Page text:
Heavy metal profiling of hair and nail samples among the traffic police personnel

Abd Hamid, Abdul Alif (2017) Heavy metal profiling of hair and nail samples among the traffic police personnel. Masters thesis, Universiti Sains Malaysia .

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Heavy metals are formed in the earth and became concentrated as a result of human caused activities. Sources of heavy metals are generally from mining, industrial wastes, fertilisers, paint, and vehicle emissions. Vehicle emissions are major source of airborne contaminants including arsenic, cadmium, cobalt, nickels, lead, antimony, zinc, platinum and others. Heavy metals come into plant, animal, and human tissues through inhalation, diet, absorption via skin contact and human handling. Heavy metals can accumulate and traced in biological matrices such as hair and nail as they are hard to metabolise and directly produce the toxicity effects. This research was a comparison study which focused on the evaluation of the heavy metals exposure concentrations among outdoor traffic police personnel as compared to the indoor traffic personnel. This study involved 86 respondents from traffic police personnel of Jalan Tun H. S. Lee, Police Traffic Station. Questionnaires regarding the underlying factors of exposure were distributed to collect data as well as demographics facts. The samples of hair and nail from respondents were collected. The hair and nail samples were pre-treated using microwave assisted acid digestion method. Samples then were analysed using Inductively Coupled Plasma-mass Spectrometry (ICP-MS) to measure the concentrations of heavy metals namely arsenic (As), cadmium (Cd), lead (Pb), nickel (Ni) and zinc (Zn). The mean concentrations of selected metals in hair and nail samples from outdoor with regards indoor traffic police personnel were determined and compared. The results indicated that there was no significant difference between the mean concentrations of heavy metals in hair and nail samples of outdoor and indoor traffic police personnel. This was true except for As and Zn concentration in hair as well as Cd and Ni in nails (p < 0.05). However, it was demonstrated that there was no correlation between occupational exposure with the mean concentrations of heavy metals of interest. A paired sample t-test showed that the Zn concentration was significantly higher in hair than in the nail sample (p<0.05).Multifactorial ANOVA test demonstrated that the risk or underlying factors such as group, age, working experience, working hours per shift and lifestyle factors such as electronic smoke exposure have a significant impact on the mean concentration of As. Meanwhile,years of working experience, shisha and chemical exposure have a significant influence on the mean concentration of Pb. The mean of Ni was influenced by gender, working experience and exposure of petroleum. Group, gender and working hours per week have a significant influence on the mean concentration of Zn. Results from this study can be used as a baseline data for relevant authorities to develop policies and taking necessary intervention to address the risks of heavy metals exposure as well as to create awareness regarding these issues for public health.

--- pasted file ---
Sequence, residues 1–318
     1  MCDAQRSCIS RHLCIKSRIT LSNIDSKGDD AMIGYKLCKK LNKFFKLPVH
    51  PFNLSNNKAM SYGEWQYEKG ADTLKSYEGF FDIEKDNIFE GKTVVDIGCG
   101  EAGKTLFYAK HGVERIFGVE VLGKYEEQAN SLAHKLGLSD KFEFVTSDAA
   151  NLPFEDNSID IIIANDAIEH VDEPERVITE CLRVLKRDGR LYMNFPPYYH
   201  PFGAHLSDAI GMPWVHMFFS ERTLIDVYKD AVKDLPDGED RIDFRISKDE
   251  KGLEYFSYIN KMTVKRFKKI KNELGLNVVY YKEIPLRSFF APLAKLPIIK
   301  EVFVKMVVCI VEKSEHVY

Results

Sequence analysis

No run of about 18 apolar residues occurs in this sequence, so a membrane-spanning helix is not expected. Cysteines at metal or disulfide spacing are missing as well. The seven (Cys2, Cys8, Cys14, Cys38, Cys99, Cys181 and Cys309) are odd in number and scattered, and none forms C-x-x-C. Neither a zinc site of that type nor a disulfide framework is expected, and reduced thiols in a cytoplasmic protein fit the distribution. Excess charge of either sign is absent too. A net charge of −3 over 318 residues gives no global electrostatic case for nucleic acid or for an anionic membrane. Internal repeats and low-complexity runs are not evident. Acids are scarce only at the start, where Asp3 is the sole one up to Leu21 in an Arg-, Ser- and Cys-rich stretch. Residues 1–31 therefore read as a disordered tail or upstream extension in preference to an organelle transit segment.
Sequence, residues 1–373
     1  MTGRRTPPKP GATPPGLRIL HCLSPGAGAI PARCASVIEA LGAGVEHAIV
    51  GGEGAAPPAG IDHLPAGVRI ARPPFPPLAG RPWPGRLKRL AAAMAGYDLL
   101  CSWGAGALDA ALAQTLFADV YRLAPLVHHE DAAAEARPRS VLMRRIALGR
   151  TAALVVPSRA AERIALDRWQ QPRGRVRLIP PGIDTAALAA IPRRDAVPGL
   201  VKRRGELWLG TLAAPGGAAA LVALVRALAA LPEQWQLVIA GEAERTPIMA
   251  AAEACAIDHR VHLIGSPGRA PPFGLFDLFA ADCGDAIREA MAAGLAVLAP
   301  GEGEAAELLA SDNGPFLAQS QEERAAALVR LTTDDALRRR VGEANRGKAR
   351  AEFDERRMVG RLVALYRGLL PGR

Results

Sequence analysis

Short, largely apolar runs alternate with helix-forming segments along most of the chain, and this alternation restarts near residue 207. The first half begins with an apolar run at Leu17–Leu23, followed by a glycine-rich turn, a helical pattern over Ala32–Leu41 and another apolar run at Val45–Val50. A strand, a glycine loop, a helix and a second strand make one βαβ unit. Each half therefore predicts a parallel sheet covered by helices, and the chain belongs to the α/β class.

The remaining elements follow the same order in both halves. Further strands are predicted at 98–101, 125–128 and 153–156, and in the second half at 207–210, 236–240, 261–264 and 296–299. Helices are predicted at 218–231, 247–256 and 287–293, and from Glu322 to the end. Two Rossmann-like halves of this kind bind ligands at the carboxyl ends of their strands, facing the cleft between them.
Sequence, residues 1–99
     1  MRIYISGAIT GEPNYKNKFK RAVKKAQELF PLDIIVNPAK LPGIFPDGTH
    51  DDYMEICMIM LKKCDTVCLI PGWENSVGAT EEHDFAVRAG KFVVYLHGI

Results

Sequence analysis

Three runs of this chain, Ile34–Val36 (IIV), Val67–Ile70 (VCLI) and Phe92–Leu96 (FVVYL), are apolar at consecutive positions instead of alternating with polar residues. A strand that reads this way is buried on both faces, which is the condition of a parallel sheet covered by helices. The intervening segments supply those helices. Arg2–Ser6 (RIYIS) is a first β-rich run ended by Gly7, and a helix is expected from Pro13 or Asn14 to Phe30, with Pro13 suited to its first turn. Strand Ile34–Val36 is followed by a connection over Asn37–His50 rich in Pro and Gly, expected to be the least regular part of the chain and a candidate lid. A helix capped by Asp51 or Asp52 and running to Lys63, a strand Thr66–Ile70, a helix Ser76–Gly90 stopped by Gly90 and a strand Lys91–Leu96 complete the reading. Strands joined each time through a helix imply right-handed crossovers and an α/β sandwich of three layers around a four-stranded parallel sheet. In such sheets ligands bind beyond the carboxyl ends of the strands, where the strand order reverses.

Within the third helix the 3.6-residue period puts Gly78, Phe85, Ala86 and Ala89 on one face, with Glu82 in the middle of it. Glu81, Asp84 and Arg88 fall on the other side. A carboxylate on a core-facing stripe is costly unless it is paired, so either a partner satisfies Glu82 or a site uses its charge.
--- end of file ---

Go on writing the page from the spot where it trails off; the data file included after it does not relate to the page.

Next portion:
Item Type: Thesis (Masters)
Uncontrolled Keywords: Metals, Heavy
Subjects: R Medicine > RA Public aspects of medicine > RA1001 Forensic Medicine. Medical jurisprudence. Legal medicine
Divisions: Kampus Kesihatan (Health Campus) > Pusat Pengajian Sains Perubatan (School of Medical Sciences) > Thesis
Depositing User: Mr Abdul Hadi Mohammad
Date Deposited: 18 Nov 2018 02:13
Last Modified: 12 Apr 2019 05:24
URI: http://eprints.usm.my/id/eprint/42834

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